Unique, Mexican Ironwood Carvings

Our ironwood carvings are a handcraft that began with the Seri Indians, indigenous people from the Sonora Desert. The craft originated as a way to earn money from tourists.  There are only an estimated 500 Seri still in Mexico. The carvings are probably the best known of the Seri crafts and are still produced by hand on a small scale.

The wood comes from Onlneya tesota, a Sonora Desert tree commonly called ironwood. It is a slow growing shade tree found in northwest Mexico and the southwest U.S. and grows in very harsh conditions. As a result, the wood it produces is so dense that it lacks air bubbles and sinks in water. It’s much heavier than oak. Traditionally, it was used for firewood and charcoal with some carving. So, if you put this bear in water, it would most likely sink.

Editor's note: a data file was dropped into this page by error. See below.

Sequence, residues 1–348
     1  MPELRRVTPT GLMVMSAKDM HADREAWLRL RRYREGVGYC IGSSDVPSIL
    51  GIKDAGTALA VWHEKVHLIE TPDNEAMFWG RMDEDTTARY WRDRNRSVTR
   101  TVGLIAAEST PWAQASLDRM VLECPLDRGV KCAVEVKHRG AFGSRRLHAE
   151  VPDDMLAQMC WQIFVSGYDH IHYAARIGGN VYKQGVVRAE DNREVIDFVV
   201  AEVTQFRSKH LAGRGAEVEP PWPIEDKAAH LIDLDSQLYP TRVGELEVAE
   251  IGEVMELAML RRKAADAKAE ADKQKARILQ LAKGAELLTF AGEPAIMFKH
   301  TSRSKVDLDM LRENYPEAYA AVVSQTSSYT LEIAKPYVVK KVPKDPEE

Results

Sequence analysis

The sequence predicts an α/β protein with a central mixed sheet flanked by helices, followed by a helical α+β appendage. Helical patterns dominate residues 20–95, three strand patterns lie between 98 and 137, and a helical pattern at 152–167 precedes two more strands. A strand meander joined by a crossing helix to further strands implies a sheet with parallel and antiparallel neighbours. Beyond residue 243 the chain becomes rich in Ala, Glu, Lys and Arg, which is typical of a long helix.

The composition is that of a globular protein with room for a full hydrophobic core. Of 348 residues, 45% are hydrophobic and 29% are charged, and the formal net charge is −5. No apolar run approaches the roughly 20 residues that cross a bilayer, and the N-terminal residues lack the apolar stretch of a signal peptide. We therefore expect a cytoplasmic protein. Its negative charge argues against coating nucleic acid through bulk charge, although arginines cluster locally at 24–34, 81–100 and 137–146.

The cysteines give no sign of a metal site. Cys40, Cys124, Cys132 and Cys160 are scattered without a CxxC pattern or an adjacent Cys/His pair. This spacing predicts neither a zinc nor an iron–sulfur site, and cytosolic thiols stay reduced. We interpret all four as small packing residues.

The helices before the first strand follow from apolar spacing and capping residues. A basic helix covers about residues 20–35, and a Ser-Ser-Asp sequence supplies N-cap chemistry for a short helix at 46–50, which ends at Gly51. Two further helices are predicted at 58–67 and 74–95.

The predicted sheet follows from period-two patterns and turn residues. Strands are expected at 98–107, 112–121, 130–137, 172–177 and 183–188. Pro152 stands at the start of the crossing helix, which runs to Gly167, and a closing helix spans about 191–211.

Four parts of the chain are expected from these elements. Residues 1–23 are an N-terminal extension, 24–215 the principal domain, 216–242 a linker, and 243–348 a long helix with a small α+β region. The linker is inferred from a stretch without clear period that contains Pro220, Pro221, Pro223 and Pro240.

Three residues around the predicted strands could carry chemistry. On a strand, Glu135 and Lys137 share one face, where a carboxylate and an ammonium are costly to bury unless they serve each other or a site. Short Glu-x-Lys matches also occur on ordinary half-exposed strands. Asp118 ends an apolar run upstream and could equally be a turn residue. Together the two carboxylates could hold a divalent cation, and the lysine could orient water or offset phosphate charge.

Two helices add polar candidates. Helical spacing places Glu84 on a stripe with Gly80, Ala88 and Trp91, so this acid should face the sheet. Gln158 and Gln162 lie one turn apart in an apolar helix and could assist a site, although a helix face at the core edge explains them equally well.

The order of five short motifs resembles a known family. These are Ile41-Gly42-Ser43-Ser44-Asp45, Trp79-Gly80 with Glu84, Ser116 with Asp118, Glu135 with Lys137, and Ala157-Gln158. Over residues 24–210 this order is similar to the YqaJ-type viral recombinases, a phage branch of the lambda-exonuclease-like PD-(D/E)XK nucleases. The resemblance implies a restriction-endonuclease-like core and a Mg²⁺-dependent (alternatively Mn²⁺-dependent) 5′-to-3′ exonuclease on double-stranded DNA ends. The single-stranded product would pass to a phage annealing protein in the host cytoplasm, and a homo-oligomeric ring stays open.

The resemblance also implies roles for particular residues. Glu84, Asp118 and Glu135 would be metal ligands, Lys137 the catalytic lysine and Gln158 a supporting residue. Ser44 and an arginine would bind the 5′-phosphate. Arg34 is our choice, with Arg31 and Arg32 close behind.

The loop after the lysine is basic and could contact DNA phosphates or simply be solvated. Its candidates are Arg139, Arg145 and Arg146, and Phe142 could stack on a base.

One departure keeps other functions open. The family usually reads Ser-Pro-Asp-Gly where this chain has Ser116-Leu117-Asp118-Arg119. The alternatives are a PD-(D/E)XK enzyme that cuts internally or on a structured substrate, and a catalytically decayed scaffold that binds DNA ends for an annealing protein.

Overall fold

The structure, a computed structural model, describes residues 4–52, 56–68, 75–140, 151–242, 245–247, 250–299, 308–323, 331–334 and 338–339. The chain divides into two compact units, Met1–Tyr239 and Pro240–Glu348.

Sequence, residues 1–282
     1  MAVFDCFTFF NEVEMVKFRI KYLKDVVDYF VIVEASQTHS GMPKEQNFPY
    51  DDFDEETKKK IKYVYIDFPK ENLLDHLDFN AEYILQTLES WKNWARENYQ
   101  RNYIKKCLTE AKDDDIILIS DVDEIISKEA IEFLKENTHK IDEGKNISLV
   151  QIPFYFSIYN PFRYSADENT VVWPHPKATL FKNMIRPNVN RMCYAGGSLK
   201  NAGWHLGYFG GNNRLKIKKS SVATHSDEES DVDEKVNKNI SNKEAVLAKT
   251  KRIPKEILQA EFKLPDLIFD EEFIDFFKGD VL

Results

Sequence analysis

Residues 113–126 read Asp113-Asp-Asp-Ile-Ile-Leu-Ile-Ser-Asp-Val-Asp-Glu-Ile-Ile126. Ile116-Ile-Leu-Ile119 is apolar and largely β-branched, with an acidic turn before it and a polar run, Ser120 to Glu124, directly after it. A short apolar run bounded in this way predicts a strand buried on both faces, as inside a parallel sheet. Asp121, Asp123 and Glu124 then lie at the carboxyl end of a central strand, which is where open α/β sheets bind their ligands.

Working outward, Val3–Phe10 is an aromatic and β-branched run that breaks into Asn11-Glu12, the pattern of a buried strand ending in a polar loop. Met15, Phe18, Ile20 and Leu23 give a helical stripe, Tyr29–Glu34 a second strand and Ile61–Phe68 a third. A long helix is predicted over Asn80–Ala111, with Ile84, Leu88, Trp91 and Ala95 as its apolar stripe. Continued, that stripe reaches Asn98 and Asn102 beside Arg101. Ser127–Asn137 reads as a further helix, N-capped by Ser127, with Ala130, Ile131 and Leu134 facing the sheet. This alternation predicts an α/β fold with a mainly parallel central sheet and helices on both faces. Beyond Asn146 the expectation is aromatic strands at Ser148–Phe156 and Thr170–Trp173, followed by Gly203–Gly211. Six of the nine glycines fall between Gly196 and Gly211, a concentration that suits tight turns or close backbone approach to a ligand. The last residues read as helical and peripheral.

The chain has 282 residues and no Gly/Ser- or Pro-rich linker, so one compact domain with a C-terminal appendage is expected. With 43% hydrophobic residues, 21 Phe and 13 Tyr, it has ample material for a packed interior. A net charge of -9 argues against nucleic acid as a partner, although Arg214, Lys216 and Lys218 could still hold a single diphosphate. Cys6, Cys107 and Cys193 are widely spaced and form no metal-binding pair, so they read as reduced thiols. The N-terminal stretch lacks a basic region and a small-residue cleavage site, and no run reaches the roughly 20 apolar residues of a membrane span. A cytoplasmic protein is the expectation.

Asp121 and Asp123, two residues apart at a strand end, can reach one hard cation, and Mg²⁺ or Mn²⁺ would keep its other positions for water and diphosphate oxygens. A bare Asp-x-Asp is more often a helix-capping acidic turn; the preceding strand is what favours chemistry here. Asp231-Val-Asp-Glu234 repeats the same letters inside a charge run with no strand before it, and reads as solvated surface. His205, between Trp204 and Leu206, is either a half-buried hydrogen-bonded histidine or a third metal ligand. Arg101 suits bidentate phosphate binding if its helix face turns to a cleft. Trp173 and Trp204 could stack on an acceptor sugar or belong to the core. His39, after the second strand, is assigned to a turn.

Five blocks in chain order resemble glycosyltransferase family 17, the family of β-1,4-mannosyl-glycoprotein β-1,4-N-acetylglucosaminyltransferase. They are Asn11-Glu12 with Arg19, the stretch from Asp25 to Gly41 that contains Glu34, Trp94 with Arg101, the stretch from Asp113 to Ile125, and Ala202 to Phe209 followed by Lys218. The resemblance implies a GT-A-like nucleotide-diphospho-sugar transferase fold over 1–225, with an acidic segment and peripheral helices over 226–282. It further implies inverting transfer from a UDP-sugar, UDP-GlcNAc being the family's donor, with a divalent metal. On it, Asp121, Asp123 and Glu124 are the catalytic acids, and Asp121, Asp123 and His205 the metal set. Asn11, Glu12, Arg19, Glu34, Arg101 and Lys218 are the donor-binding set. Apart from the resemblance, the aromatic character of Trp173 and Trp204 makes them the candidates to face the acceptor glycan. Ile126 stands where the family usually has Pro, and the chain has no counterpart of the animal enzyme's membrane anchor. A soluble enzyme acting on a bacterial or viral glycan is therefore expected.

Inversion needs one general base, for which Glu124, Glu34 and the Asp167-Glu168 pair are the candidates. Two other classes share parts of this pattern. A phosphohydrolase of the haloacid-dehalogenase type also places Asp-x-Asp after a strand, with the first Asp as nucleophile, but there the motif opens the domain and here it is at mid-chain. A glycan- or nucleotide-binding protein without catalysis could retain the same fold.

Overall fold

We have ironwood carvings in all of the animals: eagles, buffalo, turtles, bears, wolves, and elk. Owls are also very popular. Images are generally those of animals that are in the Seri world. Styles vary from very simple lines to the inclusion of a great amount of detail.

If you have any questions about our carvings, jewelry, or any items, come over to Southwest Trading Post in person or call us at 610-584-2774